Think of the enormous amount of untapped social energy that is being wasted. Citizens living in a ward – poor, rich, middle class - who want to make their neighbourhoods into the best that can be, with good living conditions, with parks and playgrounds and no slums. Imagine if this energy could be harnessed. Imagine if citizens could get information about property taxes, the number of properties in their ward, the new construction in their ward, imagine if they could get involved in deciding the projects to be taken up in their neighbourhoods, if they got involved in ensuring that there was value-for-money for the funds being expended.

One question I am asked is : Isn’t this a revolutionary form of direct democracy? Will this not undermine the state machinery of representative democracy? To this, my answer is an emphatic no. Participatory democracy is a deepening of representative democracy, an extension of it, not a revolution. Citizens are engaging with their elected representatives and administration to make public governance work better.

As I indicated at the outset, I shall make the efficiency argument first. However, let us not forget two important moral arguments. The first is about the essence of democracy, i.e. the people as sovereign. But we cannot forget it, especially in a land where Gandhi said, “let us be a country of 300,000 self-governing villages”, the operative phrase being “self-governing”. I would only add “comma, towns, comma, cities”.

The second moral argument is that the practice of citizenship actually makes the individual a better person. At a time where we are faced with the sceptre of a fragmenting social fabric, creating communities of engaged, informed citizens would be a welcome balm.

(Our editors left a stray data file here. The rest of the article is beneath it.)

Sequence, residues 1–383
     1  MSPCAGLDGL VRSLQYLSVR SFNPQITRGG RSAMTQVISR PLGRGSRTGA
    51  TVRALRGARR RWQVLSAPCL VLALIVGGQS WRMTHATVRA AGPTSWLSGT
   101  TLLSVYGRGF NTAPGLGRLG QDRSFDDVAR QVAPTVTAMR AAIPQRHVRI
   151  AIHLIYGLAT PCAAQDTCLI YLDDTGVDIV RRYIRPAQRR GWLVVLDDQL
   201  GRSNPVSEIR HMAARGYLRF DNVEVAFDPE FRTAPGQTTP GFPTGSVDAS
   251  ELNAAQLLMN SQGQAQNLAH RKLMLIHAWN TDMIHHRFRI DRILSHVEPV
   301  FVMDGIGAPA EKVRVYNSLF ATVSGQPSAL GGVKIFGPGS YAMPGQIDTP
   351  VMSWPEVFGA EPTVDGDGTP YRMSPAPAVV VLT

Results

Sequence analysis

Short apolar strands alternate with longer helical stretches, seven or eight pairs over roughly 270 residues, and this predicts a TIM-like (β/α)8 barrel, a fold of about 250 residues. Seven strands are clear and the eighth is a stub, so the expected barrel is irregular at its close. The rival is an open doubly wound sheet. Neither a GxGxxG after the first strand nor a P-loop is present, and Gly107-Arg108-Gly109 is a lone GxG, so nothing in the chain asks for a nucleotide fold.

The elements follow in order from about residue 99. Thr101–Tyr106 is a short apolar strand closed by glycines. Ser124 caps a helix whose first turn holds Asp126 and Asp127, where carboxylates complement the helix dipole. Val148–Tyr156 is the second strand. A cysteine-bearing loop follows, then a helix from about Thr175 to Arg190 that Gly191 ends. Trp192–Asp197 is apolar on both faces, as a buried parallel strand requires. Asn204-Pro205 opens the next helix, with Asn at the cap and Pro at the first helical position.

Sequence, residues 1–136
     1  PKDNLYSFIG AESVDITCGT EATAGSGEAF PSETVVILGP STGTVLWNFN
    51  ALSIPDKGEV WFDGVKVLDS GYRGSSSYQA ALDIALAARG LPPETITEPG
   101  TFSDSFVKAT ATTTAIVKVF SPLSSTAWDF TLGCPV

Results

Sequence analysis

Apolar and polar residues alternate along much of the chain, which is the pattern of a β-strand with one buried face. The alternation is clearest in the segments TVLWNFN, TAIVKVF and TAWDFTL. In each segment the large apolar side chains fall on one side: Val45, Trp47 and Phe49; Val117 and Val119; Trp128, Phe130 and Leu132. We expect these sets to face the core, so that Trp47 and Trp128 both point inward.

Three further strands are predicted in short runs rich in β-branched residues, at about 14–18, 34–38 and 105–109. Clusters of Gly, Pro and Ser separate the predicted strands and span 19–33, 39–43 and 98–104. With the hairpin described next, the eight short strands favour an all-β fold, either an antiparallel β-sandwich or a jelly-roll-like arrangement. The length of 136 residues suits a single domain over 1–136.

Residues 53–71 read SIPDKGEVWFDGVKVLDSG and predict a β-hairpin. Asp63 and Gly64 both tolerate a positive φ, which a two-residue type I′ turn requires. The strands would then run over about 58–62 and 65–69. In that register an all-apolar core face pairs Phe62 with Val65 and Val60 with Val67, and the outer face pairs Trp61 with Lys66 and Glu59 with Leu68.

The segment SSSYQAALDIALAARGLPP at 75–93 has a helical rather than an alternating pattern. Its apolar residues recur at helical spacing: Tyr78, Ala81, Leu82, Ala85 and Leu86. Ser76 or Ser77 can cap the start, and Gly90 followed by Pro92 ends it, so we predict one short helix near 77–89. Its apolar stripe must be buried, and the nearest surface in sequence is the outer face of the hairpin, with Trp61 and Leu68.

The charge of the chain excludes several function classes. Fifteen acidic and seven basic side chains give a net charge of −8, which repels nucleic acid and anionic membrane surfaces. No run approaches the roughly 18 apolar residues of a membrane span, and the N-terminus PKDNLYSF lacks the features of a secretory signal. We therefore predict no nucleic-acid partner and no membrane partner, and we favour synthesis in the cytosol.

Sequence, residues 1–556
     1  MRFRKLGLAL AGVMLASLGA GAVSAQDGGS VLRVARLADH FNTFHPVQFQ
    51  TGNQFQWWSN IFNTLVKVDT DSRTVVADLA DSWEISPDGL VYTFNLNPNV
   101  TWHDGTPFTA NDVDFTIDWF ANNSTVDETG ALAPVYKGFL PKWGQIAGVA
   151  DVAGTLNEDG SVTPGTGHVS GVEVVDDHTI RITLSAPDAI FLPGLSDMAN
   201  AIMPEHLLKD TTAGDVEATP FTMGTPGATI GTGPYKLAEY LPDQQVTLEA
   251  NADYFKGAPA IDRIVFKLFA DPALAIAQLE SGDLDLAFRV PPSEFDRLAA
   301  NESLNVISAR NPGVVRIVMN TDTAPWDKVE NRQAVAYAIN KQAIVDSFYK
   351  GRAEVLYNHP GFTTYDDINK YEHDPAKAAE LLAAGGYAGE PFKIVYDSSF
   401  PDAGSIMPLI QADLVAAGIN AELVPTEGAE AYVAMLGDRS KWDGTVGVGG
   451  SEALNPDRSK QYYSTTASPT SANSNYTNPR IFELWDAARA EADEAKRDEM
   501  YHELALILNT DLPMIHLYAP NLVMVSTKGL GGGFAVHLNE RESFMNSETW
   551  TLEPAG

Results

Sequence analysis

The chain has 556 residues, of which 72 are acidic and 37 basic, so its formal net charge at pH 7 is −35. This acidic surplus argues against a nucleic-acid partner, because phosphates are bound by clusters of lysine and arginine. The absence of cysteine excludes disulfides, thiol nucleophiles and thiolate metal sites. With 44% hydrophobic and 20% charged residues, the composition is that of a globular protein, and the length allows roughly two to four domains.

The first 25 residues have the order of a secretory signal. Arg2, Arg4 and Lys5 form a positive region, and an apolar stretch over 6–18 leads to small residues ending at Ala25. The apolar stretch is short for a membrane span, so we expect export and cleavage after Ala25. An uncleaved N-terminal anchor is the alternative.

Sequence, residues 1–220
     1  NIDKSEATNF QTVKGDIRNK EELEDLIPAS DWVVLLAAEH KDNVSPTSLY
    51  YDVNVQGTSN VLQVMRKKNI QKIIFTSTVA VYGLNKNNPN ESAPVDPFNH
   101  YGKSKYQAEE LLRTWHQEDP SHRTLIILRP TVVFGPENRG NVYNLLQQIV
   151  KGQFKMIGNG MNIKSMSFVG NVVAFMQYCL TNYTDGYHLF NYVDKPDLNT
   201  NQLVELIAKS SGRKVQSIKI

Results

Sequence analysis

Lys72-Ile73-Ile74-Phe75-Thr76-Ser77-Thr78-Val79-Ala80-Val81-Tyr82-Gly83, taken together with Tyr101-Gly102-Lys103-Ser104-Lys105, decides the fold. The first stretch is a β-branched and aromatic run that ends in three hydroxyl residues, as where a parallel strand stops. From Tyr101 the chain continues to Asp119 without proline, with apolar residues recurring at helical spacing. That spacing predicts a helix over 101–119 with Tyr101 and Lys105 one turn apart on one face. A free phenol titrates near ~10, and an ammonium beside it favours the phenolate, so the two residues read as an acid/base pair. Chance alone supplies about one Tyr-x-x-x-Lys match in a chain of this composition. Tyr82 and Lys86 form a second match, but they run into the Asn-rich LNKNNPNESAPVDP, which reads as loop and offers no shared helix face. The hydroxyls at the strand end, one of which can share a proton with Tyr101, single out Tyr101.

So, if participatory democracy is the way forward, what do we need to do to make it happen? Make no mistake, there are entrenched interests at stake, this is about the redistribution of power. On the other hand, diverse groups of citizens need to be brought together to forge a common identity and vision. This is change management at fairly complex levels.

What we can do is to catalyse this change, so that it can reach the tipping point of a self-fulfilling phenomenon. What does catalyse mean? We need to invest in the formation and growth of communities at the local level. After all, communities cannot be sustained just on the dedication and passion of individuals, it takes money. For what? For meetings, for training, for setting up a minimal support system of correspondence and follow-ups.